Peter Cohen is a Swedish writer, director, film producer and furniture designer. A graduate of Stockholm University’s College of Film, Radio, Television and Theatre, he has produced some of Sweden’s most beloved animated films, and directed several documentaries. In 2007, he was awarded Sweden’s “Furniture of the Year” prize for his hanging book shelf Cell. Cohen’s work is represented Stockholm’s Nationalmuseum.
How to use advanced technology to achieve the ultimate simplicity
Peter Cohen has a feeling for details. Possibly because he made his debut as a designer at the age of 60, after a long career as a storyteller, mainly in film. Anyone who is familiar with making movies knows that it is a long process with many steps. The filmmaker must bring together a myriad of details to create one enchanting story. A keen eye for detail affected how Cohen created his award-winning shelf Cell.
“I set out to design a shelf for someone who owns a lot of books. It had to be very effective in spatial terms, yet aesthetically attractive – strong yet lightweight.”
The solution appeared one night.
“The idea sneaked up on me from behind, while I was sleeping,” says Cohen. “I pictured a bridge, with wires and pylons. I also saw the shape of the double helix, the structure of DNA, with its long, thin strings.”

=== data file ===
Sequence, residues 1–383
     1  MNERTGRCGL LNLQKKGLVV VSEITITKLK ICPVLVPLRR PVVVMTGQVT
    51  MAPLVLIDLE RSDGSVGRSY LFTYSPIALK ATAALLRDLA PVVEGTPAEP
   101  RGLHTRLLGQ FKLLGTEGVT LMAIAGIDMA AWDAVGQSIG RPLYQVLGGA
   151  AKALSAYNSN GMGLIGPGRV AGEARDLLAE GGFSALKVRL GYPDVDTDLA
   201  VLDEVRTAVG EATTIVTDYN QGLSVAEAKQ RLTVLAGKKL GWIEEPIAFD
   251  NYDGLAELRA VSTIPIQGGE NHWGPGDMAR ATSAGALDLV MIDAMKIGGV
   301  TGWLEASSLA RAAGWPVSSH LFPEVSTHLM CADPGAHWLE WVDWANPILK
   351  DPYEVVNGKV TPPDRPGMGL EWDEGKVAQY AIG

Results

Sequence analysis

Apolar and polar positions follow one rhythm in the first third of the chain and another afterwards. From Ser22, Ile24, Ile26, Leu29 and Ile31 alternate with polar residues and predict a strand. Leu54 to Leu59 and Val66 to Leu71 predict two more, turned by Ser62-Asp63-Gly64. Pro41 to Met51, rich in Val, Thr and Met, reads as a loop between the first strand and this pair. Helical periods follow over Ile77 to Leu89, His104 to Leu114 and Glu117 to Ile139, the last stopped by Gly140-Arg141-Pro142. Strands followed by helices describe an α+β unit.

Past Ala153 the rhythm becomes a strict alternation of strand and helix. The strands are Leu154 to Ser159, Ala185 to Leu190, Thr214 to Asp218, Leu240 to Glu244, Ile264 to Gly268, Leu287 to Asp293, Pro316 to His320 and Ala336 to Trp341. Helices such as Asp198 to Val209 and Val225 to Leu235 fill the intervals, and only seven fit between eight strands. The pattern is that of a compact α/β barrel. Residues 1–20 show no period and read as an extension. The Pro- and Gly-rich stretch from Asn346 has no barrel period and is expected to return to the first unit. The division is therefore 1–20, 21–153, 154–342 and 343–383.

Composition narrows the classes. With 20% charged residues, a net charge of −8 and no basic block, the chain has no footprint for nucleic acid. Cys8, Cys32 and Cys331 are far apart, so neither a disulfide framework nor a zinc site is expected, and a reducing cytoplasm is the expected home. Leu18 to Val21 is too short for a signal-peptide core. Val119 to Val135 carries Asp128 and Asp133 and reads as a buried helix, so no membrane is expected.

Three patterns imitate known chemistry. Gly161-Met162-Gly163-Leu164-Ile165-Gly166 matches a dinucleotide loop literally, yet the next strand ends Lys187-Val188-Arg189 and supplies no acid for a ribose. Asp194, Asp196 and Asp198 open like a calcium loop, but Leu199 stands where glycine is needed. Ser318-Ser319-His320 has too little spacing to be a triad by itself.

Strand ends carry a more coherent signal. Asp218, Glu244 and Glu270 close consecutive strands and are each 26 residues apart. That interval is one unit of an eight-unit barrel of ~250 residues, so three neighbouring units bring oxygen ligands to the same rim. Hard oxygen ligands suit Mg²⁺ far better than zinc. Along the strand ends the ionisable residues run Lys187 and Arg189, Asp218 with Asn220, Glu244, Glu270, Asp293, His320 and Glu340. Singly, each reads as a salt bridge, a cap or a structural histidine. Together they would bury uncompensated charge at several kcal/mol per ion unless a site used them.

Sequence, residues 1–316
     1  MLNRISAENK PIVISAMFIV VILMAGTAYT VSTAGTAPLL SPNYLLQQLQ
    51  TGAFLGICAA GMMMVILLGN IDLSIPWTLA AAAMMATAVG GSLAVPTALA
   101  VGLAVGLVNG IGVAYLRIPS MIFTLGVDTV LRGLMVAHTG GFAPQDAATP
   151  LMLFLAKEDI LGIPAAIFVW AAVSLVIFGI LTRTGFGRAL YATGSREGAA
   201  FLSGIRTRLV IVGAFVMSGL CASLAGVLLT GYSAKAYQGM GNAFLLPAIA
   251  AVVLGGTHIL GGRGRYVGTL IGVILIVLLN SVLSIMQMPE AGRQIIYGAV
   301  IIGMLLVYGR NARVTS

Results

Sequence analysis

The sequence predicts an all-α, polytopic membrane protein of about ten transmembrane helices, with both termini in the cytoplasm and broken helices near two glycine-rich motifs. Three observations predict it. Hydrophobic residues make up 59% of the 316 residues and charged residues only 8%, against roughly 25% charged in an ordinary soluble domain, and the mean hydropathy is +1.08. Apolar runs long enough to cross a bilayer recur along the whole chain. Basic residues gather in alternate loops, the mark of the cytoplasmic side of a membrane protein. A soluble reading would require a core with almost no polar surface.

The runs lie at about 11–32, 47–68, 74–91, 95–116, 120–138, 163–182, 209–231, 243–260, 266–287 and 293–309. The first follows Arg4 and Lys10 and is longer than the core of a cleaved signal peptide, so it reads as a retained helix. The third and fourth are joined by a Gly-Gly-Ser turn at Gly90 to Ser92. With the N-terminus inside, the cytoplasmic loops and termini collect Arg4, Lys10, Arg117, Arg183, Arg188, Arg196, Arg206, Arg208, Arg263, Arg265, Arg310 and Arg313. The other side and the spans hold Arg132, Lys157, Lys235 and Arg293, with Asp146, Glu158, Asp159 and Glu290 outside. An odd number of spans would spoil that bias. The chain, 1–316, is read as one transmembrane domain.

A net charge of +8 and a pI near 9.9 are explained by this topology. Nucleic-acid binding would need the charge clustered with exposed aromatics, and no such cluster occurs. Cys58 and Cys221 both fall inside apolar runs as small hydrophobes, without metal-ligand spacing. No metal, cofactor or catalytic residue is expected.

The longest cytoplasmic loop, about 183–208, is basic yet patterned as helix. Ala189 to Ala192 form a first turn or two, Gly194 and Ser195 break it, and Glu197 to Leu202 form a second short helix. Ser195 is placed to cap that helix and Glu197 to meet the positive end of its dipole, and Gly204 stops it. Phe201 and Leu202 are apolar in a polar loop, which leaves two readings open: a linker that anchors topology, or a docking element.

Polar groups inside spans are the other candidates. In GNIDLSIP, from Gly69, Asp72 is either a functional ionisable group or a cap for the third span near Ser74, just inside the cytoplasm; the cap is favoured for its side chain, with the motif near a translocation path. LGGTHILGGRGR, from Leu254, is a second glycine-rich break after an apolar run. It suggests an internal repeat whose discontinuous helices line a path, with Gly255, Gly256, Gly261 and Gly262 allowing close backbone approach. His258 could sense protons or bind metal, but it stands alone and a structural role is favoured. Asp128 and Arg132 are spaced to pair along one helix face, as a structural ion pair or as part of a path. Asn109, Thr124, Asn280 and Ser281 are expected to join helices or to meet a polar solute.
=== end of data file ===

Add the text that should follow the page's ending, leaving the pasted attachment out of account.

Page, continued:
He started working on a construction featuring parallel metal wires with bead-shaped carriers attached at regular intervals.
“I had to search the whole world to find someone who could make them. I found there are only two manufacturers, and one of them is Swedish. Sadly, they didn’t show any interest.”
Fortunately, they later changed their minds. Together the designer and the engineers developed the wire Cohen needed.
The shelves also called for some innovative thinking and clever construction.
“I wanted them strong yet slender. Thinness played an important role for the look, and I needed the shelves to carry a lot of weight without sagging.”
To meet this goal, the shelves are made from high-strength steel. It’s the same type of steel used to make cars crash-proof. The white laminate has a layer of black underneath, to make the edges visible as thin lines, cutting horizontally through the light, white, airy composition.
When the prototype for Cell premiered, it gave Cohen an immediate break-through as a designer. By the time String Furniture launched Cell in 2008, it had already been awarded “Furniture of the Year” and several other prizes in Sweden. That year Nationalmuseum added it to its collection of contemporary design.
In 2021 String Furniture relaunches Cell, after a few years pause.
Refined, both technically and visually, it’s not just sturdily constructed but uniquely crafted. Perhaps we can credit Cohen’s background for this. When you’ve spent more than half of your life making movies, you understand the value of details – and never give up, no matter how many years it takes to get it right.